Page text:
Moratorium on Rental Evictions

The Prime Minister has announced temporary measures to prevent landlords from evicting tenants who are unable to pay rent for the next 6 months if those tenants have experienced financial distress as a result of Covid-19. However, where the financial distress is not caused by the pandemic, lease agreements and rental payments should be honoured as usual. Along with a moratorium on evictions the Government is also encouraging landlords and tenants to come to a mutual agreement on rent relief or temporary amendments to leases.

At this stage, the requirements of this initiative are lacking in detail so it is important to retain all supporting documentation if you are affected.

There are unlikely to be issues with the temporary rental relief provisions for those engaged in arm’s length lease agreements with their tenants. However, any lease term amendments made should be properly documented. This will provide evidence for your fund’s auditor and explain the temporary reduction in rental income.

Rent Relief to related parties

There are a number of compliance risks associated with this new rent relief initiative for SMSFs who lease commercial property to related parties.

Providing rent relief to related parties risks breaching a number of Superannuation Industry (Supervision) Act 1993 (SIS Act) provisions. These include:

  • The sole purpose test - the purpose of undertaking an investment property should be to increase the retirement benefits of the SMSF members. Providing rent relief may appear to have the purpose of helping your tenants if you have mutual interests.
  • Financial assistance - reducing rent will personally provide financial assistance to a member or relative outside of the SMSF.
  • Arm’s length dealing - because of inherent bias assumed to exist between related parties, it is harder to prove that the SMSF is dealing with the tenant in the same way they would if they were unconnected with members.

This matter was brought to the ATO’s attention and their response is as follow:

“Some landlords are giving their tenants a reduction in or waiver of rent because of the financial impacts of COVID-19 and we understand that you may wish to do so as well.”
“Our compliance approach for the 2019–20 and 2020–21 financial years is that we will not take action where an SMSF gives a tenant — who is also a related party — a temporary rent reduction during this period.”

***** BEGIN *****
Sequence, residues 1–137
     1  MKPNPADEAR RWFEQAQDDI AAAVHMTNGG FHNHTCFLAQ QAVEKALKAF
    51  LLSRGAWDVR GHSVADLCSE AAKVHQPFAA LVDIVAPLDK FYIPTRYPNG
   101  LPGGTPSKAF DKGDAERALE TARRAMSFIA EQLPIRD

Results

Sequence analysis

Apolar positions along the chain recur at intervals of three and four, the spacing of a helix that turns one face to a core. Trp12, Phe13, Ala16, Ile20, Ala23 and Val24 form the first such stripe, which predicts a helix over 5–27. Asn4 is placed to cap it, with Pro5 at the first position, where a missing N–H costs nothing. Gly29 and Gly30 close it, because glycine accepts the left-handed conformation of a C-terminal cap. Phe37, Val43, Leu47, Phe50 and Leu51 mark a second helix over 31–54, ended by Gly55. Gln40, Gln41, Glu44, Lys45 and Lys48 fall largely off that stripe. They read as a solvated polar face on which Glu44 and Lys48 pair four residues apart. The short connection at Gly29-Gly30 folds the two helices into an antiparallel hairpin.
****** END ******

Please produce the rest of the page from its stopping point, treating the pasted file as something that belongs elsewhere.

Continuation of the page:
It is important to note that the rent reduction must be temporary. Furthermore, the ATO’s position is that the rent reduction does not have to be justified by market evidence (the SMSF has discretion to allocate its own rent reduction). However, supporting documentation should be retained to prove the reduction is reasonable, particularly for those renting to related parties. The Government has also suggested that any lease term amendments should be proportionate with the detrimental impact of COVID-19 that has been experienced by the tenant.

Also, SMSF members should be cautious when adopting the initiatives proposed by the government, particularly in their early stages, given the inherent risks and compliance issues during this quickly changing economic environment.

Interposed unit trusts

There is no clear relief offered to SMSF funds that own property via an interposed unit trust. In particular for a non-geared unit trust (NGUT) fund trustees should be cautious in applying the rent relief scheme as registered contraventions triggered under reg 13.22D of SISR require the affected SMSF to dispose of its units in that trust to comply with the regulations.
NGUT owners should ensure that their leases remain legally enforceable and that the rent accrued does not constitute a loan under the lease so the trust remains in compliance with the criteria in Div 13.3A of the SISR.

Limited Recourse Borrowing Arrangements (LRBA)

There may be further complications for SMSF landlords seeking to provide rental relief if they have borrowed money under a related party LRBA.

Again, treating your tenants in an arm’s length manner is paramount when collecting money owing under the LRBA. PGC 2016/15 highlights that trustees should maintain evidence “that shows their particular arrangement is established and maintained on terms that replicate the terms of a commercial loan that is available in the same circumstances.” If the ATO does not believe an arm’s length transaction has occurred, they may consider applying non-arm’s length income (NALI) rules, which means that income or capital gains earned are taxed at the highest marginal rate.

Industry Code

As discussed above, there could be complications for a SMSF who provides rent relief, particularly to related parties and prior to there being more guidance available.

National Cabinet has begun to create an industry code of practice for commercial tenancies which may begin to overcome some of the issues discussed above. The codes, made for each industry, will be incorporated into state and territory legislation so they are mandatory for relevant tenancies.

The National Cabinet is set to finalise the Industry Codes soon, however it is still recommended that SMSFs closely follow the SIS and SISR to mitigate any non-compliance risks.